Selling a House in Queensland FAQ

Commencing 1 July 2017, the ATO is set to introduce new tax rules, primarily aimed at foreign sellers though impacting all sellers of property over $750,000 .
This new rule requires purchasers of property of $750,000 and over to retain 12.5% of the proceeds from the sale to be paid to the ATO in the absence of a Clearance Certificate.
If you are :
1. an Australian resident
2. selling property for $750,000 or more
you need to apply for a Clearance Certificate prior to settlement to avoid the buyer withholding 12.5% of the sale proceeds and paying it to the taxman.
What type of property is affected?
These new rules apply to all property, inclusive but not limited to
• Vacant Land
• Residential Property
• Commercial Property
• Strata Title
• Community Tiles Schemes

Conveyancing is the legal process that transfers the title of a property between the seller and the buyer. It starts when the contract is signed (or in some cases prior to signing the contract) and continues through until settlement when the title of the property is transferred in exchange for the purchase price. After settlement there are a number of important steps that must take place to notify relevant authorities of the conveyance.

Most cases the purchaser pays the stamp duty, for full details see the QLD Government website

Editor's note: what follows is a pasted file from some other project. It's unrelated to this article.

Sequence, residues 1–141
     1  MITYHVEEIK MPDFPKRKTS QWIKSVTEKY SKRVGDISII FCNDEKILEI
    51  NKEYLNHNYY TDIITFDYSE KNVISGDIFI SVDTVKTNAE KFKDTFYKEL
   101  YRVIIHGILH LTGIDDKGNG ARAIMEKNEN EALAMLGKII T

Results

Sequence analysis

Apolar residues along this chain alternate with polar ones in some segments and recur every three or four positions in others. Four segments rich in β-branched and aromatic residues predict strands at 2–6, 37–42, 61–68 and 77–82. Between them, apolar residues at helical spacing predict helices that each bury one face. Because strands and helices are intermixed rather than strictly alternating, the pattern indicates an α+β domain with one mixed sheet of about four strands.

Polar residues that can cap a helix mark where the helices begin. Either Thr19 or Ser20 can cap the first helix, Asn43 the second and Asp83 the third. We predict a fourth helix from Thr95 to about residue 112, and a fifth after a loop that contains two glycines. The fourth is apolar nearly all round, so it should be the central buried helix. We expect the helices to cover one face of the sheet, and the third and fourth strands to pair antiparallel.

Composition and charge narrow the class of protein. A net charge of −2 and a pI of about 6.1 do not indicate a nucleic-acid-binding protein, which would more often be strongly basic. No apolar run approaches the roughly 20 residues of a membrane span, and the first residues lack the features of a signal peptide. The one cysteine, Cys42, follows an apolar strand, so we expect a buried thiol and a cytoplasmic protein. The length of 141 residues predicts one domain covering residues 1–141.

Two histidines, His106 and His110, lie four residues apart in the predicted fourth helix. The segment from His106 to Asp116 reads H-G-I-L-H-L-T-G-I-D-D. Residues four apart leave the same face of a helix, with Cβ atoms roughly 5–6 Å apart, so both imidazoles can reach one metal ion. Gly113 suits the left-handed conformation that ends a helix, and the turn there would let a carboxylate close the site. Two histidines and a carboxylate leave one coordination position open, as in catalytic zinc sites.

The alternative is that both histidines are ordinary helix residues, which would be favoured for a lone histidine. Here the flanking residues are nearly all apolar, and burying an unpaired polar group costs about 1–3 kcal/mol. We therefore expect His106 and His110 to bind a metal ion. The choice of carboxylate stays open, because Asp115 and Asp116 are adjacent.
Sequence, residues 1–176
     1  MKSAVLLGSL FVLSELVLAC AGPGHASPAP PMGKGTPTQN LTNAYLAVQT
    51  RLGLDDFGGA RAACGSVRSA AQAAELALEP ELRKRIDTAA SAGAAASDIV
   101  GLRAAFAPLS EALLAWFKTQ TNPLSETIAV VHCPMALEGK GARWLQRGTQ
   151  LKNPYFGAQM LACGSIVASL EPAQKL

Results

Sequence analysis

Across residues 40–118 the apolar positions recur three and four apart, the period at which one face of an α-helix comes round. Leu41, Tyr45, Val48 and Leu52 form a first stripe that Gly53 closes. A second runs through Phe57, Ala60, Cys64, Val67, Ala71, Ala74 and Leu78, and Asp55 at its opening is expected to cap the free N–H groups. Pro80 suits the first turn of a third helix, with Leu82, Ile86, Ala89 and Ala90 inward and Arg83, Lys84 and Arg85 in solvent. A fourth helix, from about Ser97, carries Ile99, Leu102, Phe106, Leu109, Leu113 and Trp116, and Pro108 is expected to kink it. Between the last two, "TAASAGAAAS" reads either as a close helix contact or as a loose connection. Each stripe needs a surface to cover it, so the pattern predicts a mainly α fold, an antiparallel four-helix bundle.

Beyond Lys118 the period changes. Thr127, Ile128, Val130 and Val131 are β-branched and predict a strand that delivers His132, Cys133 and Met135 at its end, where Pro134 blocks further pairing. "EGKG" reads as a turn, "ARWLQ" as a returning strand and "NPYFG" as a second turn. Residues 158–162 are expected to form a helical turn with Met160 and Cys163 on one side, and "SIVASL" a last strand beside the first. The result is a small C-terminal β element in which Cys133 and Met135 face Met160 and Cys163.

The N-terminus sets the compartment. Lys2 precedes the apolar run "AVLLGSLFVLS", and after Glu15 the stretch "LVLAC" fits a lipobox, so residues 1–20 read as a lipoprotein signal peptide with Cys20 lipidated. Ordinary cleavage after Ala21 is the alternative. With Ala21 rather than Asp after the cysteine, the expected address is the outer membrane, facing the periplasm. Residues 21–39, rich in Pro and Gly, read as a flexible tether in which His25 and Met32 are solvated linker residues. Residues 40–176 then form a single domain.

Settlement is the act of transferring the title of the property in exchange for the purchase price. In practice, this means that the seller gives the buyer a signed transfer for the title of the property and the buyer gives the seller the purchase price (less deposit) in the form of bank cheques. Settlement takes place on settlement day and is attended by the parties’ respective lawyers and the outgoing and incoming mortgagees (if any). It is not usual for the actual buyer and seller to attend settlement

Following settlement, the buyer’s lawyer or the buyer’s incoming mortgagee will lodge the transfer forms with the Land Titles Office in order to register the change of title. This can take several weeks. This will also trigger automatic notifications to the local government. Utility providers need to be contacted by the buyer separately (this is not performed by the buyer’s lawyer). If the property is part of a body corporate, then the buyer’s lawyer will advise the body corporate of the change of ownership so that the body corporate’s records can be updated.